Personally, one of the big draws of going to Burning Man is the ability to unplug from the Internet and live in an environment of intimate immediacy – if you’re physically present, you get 100% of my attention; otherwise, all bets are off. Email, SMS, IRC, and other media for interaction (at least, I hear there are others, but I don’t use them…) are great for networking and facilitating business, but they detract from focusing on the here and now. For me there’s something ironic about seeing a couple in a fancy restaurant, both hopelessly lost staring deeply into their smartphones instead of each other’s eyes. Being able to set an auto-responder for two weeks which states that your email will never be read is pretty liberating, and allows me to open my mind up to trains of thought that can take days to complete. Thus, I really wanted to avoid turning the badge into a chat client, or any sort of communication medium that sets any expectation of reading messages and responding in a timely fashion.

    On the other hand, meeting up with friends at Burning Man is terribly hard. It’s life before the cell phone – if you’re old enough to remember that. Without a cell phone, you have a choice between enjoying the music, stalking around the venue to find friends, or dancing in one spot all night long so you’re findable. Simply knowing if my friends have finally showed up is a big help; if they haven’t arrived yet, I can get lost in the music and check out the sound in various parts of the venue until they arrive.

    Thus, I designed a very simple protocol which will only reveal if your friends are nearby, and nothing else. Every badge emits a broadcast ping every couple of seconds. Ideally, I’d use an RSSI (receive signal strength indicator) to figure out how far the ping is, but due to a quirk of the radio hardware I was unable to get a reliable RSSI reading. Instead, every badge would listen for the pings, and decrement the ping count at a slightly slower average rate than the ping broadcast. Thus, badges solidly within radio range would run up a ping count, and as people got farther and farther away, the ping count would decrease as pings gradually get lost in the noise.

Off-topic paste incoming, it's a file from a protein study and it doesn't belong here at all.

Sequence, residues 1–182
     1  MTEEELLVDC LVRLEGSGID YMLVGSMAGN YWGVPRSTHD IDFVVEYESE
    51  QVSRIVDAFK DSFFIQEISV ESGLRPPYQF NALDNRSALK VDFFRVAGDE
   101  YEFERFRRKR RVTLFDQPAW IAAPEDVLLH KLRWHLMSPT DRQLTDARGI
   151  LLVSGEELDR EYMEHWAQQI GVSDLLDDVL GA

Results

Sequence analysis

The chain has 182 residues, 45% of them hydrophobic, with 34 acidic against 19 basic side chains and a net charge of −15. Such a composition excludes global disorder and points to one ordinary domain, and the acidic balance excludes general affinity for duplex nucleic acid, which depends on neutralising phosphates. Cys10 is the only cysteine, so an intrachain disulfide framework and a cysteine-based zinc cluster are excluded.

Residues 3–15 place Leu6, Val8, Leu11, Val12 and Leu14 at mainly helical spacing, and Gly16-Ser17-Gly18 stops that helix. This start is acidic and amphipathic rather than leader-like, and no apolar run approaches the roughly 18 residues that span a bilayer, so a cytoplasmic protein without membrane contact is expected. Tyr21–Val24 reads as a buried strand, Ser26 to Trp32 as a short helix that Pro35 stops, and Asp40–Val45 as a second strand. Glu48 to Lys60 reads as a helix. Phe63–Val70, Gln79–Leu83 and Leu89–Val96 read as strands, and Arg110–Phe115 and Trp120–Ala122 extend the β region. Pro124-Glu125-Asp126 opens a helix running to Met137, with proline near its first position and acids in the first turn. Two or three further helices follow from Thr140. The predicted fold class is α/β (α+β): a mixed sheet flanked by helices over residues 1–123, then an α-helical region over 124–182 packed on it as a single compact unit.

Friend finding UI in action. In this case, three other badges are nearby, SpacyRedPhage, hap, and happybunnie:-). SpacyRedPhage is well within range of the radio, and the other two are farther away.

    The system worked surprisingly well. The reliable range of the radio worked out to be about 200m in practice, which is about the sound field of a major venue at Burning Man. It was very handy for figuring out if my friends had left already for the night, or if they were still prepping at camp; and there was one memorable reunion at sunrise where a group of my camp mates drove our beloved art car, Dr. Brainlove, to Robot Heart and I was able to quickly find them thanks to my badge registering a massive amount of pings as they drove into range.